Lubbock is one of only four temples in Texas. It is a Traditional design as many of the temples are that were built around this time. It serves members in Texas and New Mexico as Lubbock is located in the northwestern part of the state. Early migrations to Texas were thought to be for ranching and farming and later on for cotton growing and oil. The Mormon population grew slowly as missionaries were limited to rural settlements and then ceased during the Civil War. Around 1875, missionaries returned to Texas and membership grew steadily. Lubbock has grown significantly since the 1800's and now is a lively, cosmopolitan city instead of just a windy city on the plains. Although Lubbock is surrounded by farmland, there is a large focus on education as well. An important part of the city is Texas Tech University. This is also the birthplace of Buddy Holly (Charles Holly), the pioneer of Rock N' Roll.
Speaking of wind, the American Wind Power Center lets you see windmills up close and personal at this atypical museum. The Silent Wings Museum shows you what it was like to be a glider pilot in World War II. A museum of Texas Tech University is the Lubbock Lake Landmark, an archeological preserve and active excavation site. Mackenzie Park is fun for a quick stop to see Prairie Dog Town or let the kids run free. The Science Spectrum Museum will also entertain the kids with interactive exhibits.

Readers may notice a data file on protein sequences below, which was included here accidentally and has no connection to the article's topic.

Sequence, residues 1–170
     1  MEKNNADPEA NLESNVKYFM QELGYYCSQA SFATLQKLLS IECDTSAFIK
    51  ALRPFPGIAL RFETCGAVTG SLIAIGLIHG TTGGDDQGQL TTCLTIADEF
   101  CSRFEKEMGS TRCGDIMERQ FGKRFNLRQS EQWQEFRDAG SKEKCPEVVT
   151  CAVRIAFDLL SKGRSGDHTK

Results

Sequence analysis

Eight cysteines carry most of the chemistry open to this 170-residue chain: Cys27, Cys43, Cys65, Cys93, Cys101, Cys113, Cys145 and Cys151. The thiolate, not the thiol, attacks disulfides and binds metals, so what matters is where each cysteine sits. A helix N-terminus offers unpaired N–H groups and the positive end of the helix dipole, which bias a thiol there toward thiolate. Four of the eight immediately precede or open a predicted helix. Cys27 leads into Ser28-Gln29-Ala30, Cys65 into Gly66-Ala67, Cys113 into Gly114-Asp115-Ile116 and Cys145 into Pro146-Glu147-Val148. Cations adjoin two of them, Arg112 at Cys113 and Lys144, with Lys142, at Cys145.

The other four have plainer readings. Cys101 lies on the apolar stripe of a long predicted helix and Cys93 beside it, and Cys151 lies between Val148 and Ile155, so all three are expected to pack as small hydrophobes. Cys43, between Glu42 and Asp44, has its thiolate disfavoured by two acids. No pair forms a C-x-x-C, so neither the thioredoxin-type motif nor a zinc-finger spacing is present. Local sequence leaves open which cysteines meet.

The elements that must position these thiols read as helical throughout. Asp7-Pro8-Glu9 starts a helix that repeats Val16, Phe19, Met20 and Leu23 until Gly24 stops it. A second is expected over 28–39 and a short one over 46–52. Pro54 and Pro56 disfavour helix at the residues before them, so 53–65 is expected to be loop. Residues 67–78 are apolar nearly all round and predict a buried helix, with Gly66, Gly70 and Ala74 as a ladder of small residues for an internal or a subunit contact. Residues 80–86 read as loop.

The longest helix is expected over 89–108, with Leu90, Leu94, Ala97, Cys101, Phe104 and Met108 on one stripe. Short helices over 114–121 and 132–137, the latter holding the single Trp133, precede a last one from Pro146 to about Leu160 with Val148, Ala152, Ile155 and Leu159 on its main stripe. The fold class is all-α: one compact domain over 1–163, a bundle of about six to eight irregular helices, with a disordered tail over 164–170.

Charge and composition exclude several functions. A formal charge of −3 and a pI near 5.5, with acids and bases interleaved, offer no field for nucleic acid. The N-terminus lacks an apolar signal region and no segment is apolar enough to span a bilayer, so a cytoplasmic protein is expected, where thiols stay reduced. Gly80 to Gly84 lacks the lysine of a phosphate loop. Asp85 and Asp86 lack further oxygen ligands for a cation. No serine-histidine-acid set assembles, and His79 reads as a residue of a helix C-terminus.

If enchiladas are your thing, you can choose from over 60 varieties at Abuelo's. Family-run Italian Garden has down-home Italian fare. Cagle Steaks specializes in ribeyes and Old West atmosphere. Expertly made chicken fingers can be found at Raising Cane's Chicken Fingers. If you need more variety than chicken, head to Jazz A Louisiana Kitchen. They will be happy to whip you up some flavorful Cajun and Creole specialties.